It’s so important for our piano students to have completed pieces they can sit down and play. It’s easy to keep track of these pieces by simply printing off a sheet of paper labeled “Playlist”. I include a new Playlist paper in every student’s studio binder at the beginning of each school year, and it’s fun to see the playlist grow and expand throughout the year.
Once the Playlist gets filled in with a few favorite pieces, this is how I use it:
- Have the student play one or two pieces at the end or beginning of each lesson. This gives the student a mental break from working on new pieces or technique. It also reminds the student that playing the piano is fun and they already know how to play some cool pieces.
- Make a video recording of some of the playlist pieces. Video recording is a great way to practice playing under pressure. These video recordings make a great gift for parents and are fabulous marketing tools for your studio’s social media site.
- Use the playlist to quickly identify the pieces your student likes the best. The list will help to make future repertoire choices you know they will love.
“Communication is the real work of leadership.”
– Nitin Nohria
Because I teach throughout the year and have maintained the same students for several years, I sometimes forget that new families to the studio might not know how my particular studio functions. While I have a “Policy and Procedures” page on my studio website which also gets sent as a PDF to each family every August, I also like to walk families through the ins and outs of the studio so that they feel prepared when they come for their first lesson. I send this information in an email to each family in August whether they are new or returning.
Here are some of the things I think are important for each family to know:
- The day and time their lessons will be each week
- The date of the first lesson
- What happens when you come for a lesson. Questions I often hear from parents are “Should I wait in my car or sit in on the lesson?”, “What happens if I arrive early?”, “Can I drop off both kids for their lessons and come back later?”
- What to bring to a lesson. I remind students to bring their music, studio binder and also a recording device if they would like to record during the lesson.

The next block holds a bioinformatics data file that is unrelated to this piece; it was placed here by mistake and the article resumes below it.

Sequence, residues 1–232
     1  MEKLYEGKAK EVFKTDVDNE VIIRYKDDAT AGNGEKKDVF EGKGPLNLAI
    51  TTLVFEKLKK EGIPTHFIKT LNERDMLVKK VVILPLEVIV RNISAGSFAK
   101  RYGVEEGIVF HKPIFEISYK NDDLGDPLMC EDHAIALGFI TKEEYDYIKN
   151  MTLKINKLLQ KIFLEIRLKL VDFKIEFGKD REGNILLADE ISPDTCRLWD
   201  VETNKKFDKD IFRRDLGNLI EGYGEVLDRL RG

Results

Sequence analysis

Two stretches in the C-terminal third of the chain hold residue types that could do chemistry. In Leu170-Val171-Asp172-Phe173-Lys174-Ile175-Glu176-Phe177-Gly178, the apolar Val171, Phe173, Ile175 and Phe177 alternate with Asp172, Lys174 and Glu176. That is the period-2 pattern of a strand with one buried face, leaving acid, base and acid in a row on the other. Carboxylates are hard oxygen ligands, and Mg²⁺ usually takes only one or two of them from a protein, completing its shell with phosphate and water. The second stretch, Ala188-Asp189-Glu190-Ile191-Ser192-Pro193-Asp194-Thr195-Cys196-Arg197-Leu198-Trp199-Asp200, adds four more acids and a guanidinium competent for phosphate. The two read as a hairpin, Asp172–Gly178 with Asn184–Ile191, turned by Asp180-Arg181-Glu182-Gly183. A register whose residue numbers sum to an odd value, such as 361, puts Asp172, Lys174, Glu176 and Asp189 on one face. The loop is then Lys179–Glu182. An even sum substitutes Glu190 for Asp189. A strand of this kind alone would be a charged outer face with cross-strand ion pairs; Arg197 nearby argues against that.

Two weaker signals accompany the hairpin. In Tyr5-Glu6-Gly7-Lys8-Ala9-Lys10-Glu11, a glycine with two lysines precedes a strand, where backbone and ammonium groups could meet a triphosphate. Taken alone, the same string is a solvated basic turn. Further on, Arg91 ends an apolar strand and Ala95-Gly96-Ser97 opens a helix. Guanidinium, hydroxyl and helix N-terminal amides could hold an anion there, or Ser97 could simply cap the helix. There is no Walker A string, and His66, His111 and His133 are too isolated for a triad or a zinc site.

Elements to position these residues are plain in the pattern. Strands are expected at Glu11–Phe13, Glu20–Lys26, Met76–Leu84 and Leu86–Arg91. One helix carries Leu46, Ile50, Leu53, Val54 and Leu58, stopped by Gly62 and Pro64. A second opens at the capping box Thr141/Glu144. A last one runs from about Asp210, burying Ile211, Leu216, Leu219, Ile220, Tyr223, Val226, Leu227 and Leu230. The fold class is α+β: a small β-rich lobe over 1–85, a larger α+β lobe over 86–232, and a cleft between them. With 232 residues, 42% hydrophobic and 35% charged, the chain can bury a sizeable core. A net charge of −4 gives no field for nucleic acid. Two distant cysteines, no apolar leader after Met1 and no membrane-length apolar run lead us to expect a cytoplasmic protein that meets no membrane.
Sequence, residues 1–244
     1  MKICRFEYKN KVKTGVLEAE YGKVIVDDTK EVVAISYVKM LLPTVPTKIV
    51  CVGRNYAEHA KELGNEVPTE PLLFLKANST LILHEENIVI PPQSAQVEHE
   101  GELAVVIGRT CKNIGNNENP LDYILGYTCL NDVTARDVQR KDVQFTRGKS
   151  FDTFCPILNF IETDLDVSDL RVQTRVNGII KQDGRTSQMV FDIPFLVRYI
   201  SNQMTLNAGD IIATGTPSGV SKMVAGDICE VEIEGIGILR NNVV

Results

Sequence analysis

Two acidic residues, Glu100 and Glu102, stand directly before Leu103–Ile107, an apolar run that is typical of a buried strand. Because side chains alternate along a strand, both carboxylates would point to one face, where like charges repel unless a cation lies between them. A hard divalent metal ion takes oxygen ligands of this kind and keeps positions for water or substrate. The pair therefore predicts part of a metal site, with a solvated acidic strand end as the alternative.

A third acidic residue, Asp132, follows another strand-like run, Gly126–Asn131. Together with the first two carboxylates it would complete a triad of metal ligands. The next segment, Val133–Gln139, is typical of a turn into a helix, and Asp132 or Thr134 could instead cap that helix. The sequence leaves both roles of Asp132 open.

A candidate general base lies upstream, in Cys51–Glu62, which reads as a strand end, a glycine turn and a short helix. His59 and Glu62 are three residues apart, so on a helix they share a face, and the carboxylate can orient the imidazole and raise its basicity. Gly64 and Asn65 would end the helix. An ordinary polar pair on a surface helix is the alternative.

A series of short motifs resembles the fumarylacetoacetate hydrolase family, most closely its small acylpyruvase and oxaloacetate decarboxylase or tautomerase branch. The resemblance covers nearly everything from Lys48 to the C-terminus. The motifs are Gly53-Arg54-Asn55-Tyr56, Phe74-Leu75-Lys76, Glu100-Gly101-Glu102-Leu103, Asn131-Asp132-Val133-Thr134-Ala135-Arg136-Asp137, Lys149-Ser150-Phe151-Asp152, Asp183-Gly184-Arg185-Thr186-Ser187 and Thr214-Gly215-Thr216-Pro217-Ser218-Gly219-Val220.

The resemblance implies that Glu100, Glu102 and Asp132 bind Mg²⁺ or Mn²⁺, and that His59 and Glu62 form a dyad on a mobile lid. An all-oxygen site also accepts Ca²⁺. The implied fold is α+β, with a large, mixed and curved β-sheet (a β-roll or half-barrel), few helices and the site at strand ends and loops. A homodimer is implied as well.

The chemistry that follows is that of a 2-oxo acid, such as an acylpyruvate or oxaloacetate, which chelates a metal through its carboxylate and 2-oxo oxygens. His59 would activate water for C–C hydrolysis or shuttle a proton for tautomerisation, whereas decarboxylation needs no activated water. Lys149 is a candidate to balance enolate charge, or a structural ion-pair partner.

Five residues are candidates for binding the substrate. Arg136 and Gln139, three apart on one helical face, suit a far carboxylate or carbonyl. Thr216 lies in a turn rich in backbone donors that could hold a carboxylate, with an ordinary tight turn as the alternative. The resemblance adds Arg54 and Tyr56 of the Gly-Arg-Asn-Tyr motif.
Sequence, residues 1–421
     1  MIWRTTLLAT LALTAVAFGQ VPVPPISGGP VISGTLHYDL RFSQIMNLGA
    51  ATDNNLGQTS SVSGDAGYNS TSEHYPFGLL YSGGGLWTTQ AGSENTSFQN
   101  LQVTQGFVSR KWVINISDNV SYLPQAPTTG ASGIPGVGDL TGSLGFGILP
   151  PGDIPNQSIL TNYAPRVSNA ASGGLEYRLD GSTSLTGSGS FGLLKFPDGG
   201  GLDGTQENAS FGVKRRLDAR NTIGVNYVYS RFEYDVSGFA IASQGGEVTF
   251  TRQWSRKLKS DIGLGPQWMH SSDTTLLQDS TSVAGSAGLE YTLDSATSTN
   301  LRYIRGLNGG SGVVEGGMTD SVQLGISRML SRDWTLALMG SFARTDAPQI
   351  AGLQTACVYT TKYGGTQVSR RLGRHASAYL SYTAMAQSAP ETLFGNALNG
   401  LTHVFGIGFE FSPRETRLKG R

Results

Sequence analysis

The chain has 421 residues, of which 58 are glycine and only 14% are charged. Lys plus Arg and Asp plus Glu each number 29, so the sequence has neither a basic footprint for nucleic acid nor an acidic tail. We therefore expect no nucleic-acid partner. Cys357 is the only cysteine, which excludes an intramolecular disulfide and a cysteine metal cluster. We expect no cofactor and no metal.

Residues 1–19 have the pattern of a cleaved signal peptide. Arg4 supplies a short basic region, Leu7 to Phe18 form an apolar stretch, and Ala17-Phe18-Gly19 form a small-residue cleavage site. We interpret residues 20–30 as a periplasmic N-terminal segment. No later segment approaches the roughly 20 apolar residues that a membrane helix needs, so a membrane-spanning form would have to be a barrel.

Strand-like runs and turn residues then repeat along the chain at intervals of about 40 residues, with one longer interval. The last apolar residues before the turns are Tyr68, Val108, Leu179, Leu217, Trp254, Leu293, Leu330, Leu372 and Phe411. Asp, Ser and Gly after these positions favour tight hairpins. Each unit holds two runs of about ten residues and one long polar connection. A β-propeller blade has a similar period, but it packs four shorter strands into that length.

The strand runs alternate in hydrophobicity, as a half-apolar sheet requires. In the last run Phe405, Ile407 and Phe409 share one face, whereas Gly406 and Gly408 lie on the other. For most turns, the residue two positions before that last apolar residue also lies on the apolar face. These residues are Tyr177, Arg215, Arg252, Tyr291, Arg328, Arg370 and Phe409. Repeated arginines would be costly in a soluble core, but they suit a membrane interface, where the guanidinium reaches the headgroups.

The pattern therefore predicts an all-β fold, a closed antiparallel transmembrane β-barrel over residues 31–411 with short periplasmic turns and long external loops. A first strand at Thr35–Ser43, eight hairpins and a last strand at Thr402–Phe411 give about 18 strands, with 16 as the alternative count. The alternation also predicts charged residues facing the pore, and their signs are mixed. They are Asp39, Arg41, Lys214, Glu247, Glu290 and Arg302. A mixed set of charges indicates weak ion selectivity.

- How to cancel a lesson/how to communicate with me
- Tuition costs
- Payment plans
- How to make a payment
- Where to find information on the studio website
- Permission to use pictures/videos of a piano lesson on social media sites
I have found that sending this information in advance of the first lesson has been key to starting lessons smoothly. Parents know what to expect, I know that they are informed, and we are able to start the first lesson with confidence and trust.
I recently received an email from my local gardening store reminding me that now is the time to divide my irises. I love to garden, but I don’t always do the right things at the right times. For example, this summer my husband and I moved some shrubs around in our front garden on the hottest day in June and scorched those shrubs to within an inch of their lives. But happily, they seem to be coming back to life.
I have a file in my computer titled “Task Calendar”. This is very helpful as I go throughout the year to remind myself that I should send a note to parents about the upcoming recital, or order Christmas books, or remind parents about spring break, etc. Usually I remember these things on my own, but you never know when brain block will hit.
At the end of July I sent out an email regarding scheduling for the fall semester. So the past few weeks have been filled with working out scheduling for 35 students. It’s a rather daunting task. Thankfully I think I have everyone in place and I will even be able to have dinner with my family every night!
Next week is the first week of the fall semester in the studio. My task calendar tells me to send an email to each family with the following:
- Reminder of lesson day and time
- Date of the first lesson
- What to bring to the first lesson
- How to reach me if you are unable to come to a lesson
- The studio policy (sent as an attachment)
- The lesson calendar for the year (sent as an attachment)
- Tuition costs
- Payment plans
- A warm welcome to new and returning students
I have also been busy preparing a new reward system for the year, updating the weekly assignment page to support the goals of the new reward system, and updating the studio website.
The students’ studio binders will be given a new front cover insert and cleaned out at the first lesson.
So there are a few things to do!
I love the freshness that comes with a new school year – setting new goals and planning a year of recitals and activities that will hopefully motivate and inspire my young musicians.